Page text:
“I think music is an instrument. It can create the initial thought patterns that can change the thinking of the people.”John Coltrane
Coexisting with the collective social and political movements of the ’60s was a movement injecting religious and spiritual components into modern jazz—free jazz was often considered a spiritual as well as a political voice. Some of the musicians made the connection explicit. John Coltrane, for example, recorded the album A Love Supreme, considered a jazz classic, in 1964. By that time, Coltrane had incorporated elements of numerous religions and spiritual disciplines into his own beliefs, and the album, which also drew from world music elements, expressed the artist’s debt to a higher force. Sun Ra was a mystic and practiced astral projection as in “Mythology Metamorphosis” (1965), and Charles Mingus composed religious works based on the traditions and aesthetics of Black church culture as illustrated in “Wednesday Night Prayer Meeting” (1960).
The most noted and versatile vocalist of the free jazz movement is Abbey Lincoln. Her delivery style is intensely emotional and uncompromising, reflecting her socio-political activism beginning in the late 1950s. Lincoln collaborated with Max Roach on several productions, including the celebrated We Insist: Freedom Now Suite (1960), a testimony against racism, and Percussion Bitter Sweet (1961), which references the struggle for racial equality of Black South Africans and African Americans. Lincoln, also a songwriter and storyteller, teamed with producer Nat Hentoff to record Straight Ahead (1961). Writing the lyrics for several songs, she addresses a range of racial injustices that negatively impact African Americans, as illustrated in “In the Red,” “African Lady,” and “Retribution.”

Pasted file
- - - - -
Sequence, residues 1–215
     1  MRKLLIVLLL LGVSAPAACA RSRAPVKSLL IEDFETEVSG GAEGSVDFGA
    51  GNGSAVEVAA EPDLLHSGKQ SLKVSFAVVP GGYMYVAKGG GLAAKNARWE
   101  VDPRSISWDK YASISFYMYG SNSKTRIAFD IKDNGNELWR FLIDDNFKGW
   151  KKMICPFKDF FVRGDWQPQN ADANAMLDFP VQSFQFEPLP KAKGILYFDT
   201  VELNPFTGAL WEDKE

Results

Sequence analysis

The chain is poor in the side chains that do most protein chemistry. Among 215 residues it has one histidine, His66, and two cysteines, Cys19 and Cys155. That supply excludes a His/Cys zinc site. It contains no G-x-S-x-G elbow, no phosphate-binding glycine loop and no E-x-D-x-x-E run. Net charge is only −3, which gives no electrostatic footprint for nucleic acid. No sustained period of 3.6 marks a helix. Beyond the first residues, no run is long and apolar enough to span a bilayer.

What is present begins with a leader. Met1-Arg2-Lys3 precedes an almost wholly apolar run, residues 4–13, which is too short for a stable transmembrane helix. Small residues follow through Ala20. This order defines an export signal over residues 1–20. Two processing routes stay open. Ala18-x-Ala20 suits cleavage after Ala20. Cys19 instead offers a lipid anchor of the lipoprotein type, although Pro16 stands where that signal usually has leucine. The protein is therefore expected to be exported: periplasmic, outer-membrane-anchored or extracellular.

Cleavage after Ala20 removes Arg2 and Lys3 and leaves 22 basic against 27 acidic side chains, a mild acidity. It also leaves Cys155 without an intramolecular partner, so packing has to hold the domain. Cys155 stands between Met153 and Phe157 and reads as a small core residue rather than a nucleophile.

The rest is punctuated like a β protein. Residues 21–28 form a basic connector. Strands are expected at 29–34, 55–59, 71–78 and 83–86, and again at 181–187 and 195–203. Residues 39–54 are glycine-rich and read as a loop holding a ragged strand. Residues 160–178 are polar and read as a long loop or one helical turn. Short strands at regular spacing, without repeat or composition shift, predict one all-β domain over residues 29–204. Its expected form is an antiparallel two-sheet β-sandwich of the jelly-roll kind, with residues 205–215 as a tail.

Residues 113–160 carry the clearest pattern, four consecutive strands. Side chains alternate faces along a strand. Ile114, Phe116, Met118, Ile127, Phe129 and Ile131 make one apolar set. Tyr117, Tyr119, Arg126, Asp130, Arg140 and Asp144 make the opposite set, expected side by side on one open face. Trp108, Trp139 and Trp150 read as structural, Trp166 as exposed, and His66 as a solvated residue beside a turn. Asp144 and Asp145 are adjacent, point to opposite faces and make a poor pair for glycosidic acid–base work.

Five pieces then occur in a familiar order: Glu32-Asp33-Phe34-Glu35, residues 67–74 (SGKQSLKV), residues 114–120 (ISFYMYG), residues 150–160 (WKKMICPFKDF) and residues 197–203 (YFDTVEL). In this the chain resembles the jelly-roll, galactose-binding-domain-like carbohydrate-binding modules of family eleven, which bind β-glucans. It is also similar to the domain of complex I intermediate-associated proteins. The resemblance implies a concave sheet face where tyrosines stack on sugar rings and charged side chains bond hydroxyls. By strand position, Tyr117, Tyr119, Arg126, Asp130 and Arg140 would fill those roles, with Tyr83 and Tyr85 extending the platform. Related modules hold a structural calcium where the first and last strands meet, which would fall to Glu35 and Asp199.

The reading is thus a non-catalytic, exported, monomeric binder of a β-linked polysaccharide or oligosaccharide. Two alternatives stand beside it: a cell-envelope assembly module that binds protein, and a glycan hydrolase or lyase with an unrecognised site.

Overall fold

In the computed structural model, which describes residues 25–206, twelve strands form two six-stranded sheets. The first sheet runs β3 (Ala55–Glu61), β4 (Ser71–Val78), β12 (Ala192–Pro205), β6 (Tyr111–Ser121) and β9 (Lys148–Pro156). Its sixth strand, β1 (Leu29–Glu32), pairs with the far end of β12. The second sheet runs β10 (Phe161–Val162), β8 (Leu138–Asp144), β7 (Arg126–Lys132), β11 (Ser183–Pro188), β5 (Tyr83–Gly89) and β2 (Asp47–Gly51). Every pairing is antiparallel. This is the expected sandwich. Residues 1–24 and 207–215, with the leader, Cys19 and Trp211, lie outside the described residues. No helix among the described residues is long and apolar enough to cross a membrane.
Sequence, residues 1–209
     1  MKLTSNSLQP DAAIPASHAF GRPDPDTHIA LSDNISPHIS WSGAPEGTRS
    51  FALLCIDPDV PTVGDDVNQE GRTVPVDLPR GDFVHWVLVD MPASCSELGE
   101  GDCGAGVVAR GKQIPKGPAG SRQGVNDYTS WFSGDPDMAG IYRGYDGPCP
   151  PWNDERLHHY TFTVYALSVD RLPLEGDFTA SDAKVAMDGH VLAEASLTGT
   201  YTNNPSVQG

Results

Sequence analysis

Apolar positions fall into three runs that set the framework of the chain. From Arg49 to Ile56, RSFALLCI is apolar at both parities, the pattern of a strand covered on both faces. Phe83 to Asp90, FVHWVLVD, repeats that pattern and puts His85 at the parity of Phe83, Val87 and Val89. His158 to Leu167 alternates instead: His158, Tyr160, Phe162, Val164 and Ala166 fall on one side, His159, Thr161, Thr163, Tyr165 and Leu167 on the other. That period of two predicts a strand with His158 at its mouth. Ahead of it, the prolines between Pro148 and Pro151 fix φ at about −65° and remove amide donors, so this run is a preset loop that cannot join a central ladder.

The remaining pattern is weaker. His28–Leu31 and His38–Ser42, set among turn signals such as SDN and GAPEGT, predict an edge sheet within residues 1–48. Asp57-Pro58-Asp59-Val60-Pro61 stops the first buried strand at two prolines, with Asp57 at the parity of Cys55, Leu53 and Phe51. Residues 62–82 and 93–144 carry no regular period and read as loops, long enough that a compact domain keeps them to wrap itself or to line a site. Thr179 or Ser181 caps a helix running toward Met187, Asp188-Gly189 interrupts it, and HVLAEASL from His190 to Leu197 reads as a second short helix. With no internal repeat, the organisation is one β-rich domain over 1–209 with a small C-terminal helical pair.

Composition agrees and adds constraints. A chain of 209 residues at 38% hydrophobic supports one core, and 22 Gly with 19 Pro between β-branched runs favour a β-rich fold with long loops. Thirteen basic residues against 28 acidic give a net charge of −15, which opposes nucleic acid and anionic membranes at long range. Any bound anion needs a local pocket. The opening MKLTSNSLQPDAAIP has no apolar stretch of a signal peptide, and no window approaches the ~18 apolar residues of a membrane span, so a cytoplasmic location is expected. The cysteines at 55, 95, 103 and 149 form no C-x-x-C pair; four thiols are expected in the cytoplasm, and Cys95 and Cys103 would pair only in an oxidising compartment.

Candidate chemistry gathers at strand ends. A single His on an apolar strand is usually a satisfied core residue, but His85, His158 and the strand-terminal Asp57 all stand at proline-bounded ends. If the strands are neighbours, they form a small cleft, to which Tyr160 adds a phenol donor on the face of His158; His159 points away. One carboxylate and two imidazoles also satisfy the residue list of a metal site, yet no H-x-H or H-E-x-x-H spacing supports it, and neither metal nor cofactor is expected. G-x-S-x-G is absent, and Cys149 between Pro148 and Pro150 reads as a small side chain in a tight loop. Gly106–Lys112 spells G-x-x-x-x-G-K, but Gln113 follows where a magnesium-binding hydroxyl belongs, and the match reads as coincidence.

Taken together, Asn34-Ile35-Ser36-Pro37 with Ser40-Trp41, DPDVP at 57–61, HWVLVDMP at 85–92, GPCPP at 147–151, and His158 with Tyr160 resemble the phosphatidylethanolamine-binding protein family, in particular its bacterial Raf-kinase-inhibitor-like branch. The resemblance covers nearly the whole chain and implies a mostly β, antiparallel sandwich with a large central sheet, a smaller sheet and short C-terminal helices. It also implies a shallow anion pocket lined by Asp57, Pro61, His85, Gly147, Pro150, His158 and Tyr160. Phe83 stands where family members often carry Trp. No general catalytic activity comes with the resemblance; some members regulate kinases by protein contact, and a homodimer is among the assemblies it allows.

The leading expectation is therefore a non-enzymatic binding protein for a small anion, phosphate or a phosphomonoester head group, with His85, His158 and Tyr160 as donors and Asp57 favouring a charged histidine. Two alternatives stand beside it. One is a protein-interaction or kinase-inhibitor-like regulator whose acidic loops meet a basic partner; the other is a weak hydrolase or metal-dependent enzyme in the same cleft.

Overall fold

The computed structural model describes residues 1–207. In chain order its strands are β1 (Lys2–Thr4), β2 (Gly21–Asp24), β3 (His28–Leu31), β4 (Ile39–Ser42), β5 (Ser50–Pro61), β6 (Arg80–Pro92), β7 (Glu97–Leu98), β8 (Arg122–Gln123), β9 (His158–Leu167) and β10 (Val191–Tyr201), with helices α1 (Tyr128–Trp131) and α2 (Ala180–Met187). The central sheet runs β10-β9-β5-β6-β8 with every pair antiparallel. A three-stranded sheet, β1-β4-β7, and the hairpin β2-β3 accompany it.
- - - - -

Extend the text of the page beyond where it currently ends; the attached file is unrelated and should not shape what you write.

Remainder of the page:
Musical Features/Performance Style
The free improvisation movement allows musicians to perform and create musical ideas without regard to rules. Free jazz departs radically from past styles; after playing the theme of a song, the soloist typically does not follow a chord progression or a pre-arranged structure and may venture in unpredictable directions. Its style is best described as dissonant collective improvisation in the spirited and polyphonic vein of New Orleans jazz.
Song lyrics encompass life experiences, including political themes of social, economic, and racial inequalities.
- Baraka, Amiri (LeRoi Jones). Blues People: Negro Music in White America. New York: Morrow, 1963. Reprint by Harper Collins. New York. Perennial, 1999.
- Gioia, Ted. The History of Jazz. New York: Oxford University Press, 1997.
- Jost, Ekkehard. Free Jazz. New York: Da Capo Press, 1994.
- Litweiler, John. The Freedom Principle: Jazz after 1958. New York. Da Capo, 1984.
- Kofsky, Frank. Black Nationalism and the Revolution in Music. New York. Pathfinder Press, 1970.
- Nisenson, Eric. Ascension: John Coltrane and His Quest. New York. St. Martin’s Press, 1993.
- Szwed, John F. Space Is the Place: The Life and Times of Sun Ra. New York. Pantheon Books, 1997.